Local athlete Andy Davis, dubbed  
"Handy Andy"  by  sportswriters, was
drafted by the Redskins in 1952.
He          played with the team for two
seasons.      (By John Daly -- The
Washington Post
Andy Nathan Davis Jr.
Washington Post Staff Writer
Monday, December 24, 2007
Andy Davis, 80, who is believed to be the first local athlete to sign with the  
Washington Redskins, died of congestive heart failure Dec. 22 at his home
in Silver Spring. Mr. Davis, a backfield star who played both offensive and
defensive positions during his career, was drafted by the Redskins in the
second round in 1952. He was a Washington Redskin for two seasons
before signing with the New York Giants. Plagued by a dislocated shoulder
and knee injuries, he was cut in the fall of 1954.
Although his professional career was brief, Mr. Davis was well-known for
both his celebrated schoolboy athletic career at
McKinley Tech High  
School
and George Washington University and his subsequent volunteer  
work as president of the Touchdown Club in 1960 and the Redskins
Alumni  Association, which he led for many years. He was vice president of
the NFL   Alumni Association from the late 1970s through the early 1980s
and helped start the Dire Need Fund for former football players with unmet
medical costs.
Born in Indianapolis, he moved with his family to Washington when he was 12 years old. His father was deaf,
and Mr. Davis learned sign language at an early age. At McKinley, he was an all-American, all-high and
all-prep football player. He served in the Army just after World War II in occupied Germany and then returned to
Washington. He played a year of sandlot football with a team called Car Credit.
Mr. Davis accepted a football scholarship to George Washington University, where he toppled several school
records. A tailback, he completed 237 of 532 pass attempts, passed for 3,587 yards and threw 14 touchdown
passes. His 950 rushing or passing plays gained 5,003 yards. An honorable mention all-American, he was
inducted into the GWU Hall of Fame in 1973.
Shirley Povich, the late Washington Post sports editor, in 1950 called him "the brightest backfield star on a
Washington college team in many seasons."
In his rookie year as a pro, the local phenomenon was tapped by coach Curly  Lambeau to try out for
quarterback, alongside the legendary Sammy Baugh and  Harry Gilmer. Dubbed "Handy Andy " by
sportswriters, Mr. Davis received high praise from Lambeau early in the season for his play at the bruising
wing  position on defense. Despite the coach's promise to use him on offense, Mr.  Davis never got the
chance. Then in November, Lambeau lambasted Mr. Davis  publicly, placing the blame for the team's 23-17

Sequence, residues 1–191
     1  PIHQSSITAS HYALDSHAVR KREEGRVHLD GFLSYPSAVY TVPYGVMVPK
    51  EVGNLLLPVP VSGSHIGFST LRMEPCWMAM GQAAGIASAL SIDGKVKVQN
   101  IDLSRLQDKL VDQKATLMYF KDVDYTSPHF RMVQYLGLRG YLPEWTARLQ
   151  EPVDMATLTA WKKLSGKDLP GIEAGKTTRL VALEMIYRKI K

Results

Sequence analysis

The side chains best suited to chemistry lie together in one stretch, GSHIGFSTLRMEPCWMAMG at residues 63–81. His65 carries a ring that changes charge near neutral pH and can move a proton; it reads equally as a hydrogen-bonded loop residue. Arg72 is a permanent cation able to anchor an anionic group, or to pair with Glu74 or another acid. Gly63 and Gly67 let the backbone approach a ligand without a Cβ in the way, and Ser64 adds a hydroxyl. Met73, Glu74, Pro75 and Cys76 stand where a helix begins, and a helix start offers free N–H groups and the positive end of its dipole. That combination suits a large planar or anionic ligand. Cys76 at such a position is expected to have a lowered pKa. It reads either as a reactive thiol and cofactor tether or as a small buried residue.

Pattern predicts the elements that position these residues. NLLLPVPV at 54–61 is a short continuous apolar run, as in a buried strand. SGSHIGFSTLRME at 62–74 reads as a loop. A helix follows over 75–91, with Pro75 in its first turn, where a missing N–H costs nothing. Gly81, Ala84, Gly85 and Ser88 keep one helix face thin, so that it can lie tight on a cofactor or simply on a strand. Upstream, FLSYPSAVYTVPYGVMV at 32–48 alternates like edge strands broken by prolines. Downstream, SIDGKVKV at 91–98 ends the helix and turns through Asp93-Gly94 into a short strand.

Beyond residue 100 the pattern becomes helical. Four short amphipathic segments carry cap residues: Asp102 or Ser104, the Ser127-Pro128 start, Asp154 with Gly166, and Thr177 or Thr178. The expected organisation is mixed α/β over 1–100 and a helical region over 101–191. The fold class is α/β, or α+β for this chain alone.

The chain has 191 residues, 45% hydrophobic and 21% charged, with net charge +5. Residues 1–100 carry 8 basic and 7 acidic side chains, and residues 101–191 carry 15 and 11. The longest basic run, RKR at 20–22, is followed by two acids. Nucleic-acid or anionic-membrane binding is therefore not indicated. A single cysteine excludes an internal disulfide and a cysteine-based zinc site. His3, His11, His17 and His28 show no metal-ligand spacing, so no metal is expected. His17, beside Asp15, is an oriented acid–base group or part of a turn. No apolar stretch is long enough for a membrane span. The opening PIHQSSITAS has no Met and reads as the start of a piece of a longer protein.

loss to the San Francisco 49ers on him and defensive halfback Bob Sykes.
" Andy just gets rattled and doesn't think in the heat of the game," Lambeau  told sportswriters. "He played a
bad game and so did Sykes. It wiped out a great  team effort, the greatest we've made this season."
An intense competitor, Mr. Davis refrained from public comment at the time,  but he was deeply hurt. He
continued to play, but in the next preseason, he  dislocated his shoulder three times in three exhibitions.
His last play as a Redskin, Povich wrote, was "a brilliant defensive maneuver on which he stripped the
Giants' ball carrier to two blockers, and made the tackle to enforce a 2-yard loss."
He was paid his $6,000 salary for the year, but when the season ended, he  became a free agent and signed
with the Giants. Before the 1954 season started, he was cut.
The end of his football career didn't seem to hurt his popularity. The  6-foot, 188-pound blond modeled for
Hecht's print advertisements and Sea Ski  billboards and walked a fashion-show runway for a Greater
Southeast Community  Hospital fundraiser.
While playing ball, he had worked on the side as a salesman and then as  general manager of ABC Express,
a freight-forwarding and cargo-trucking  business. He eventually became an insurance salesman with the
John Hancock  financial services company and handled the insurance needs of C & P Telephone Co.  
employees. He was a member of the Million Dollar Roundtable, a distinction  reserved for top agents. He
retired in 1993.
Survivors include his wife of 62 years, Dorothy Davis of Silver Spring; five daughters, Andrea Davis of Bonita
Beach, Fla., Suzanne Swagart of Rockville,  Laurie Potter of Gaithersburg, Patty Gallagher of Rockville and
Leslie Davis  Blackwell of Richmond; four sisters, Marie Green of Virginia Beach, Dorothy  Brown of
Selbyville, Del., Betty Kelly of Annapolis and Nancy Helton of  Winchester; 13 grandchildren; and two
great-grandchildren.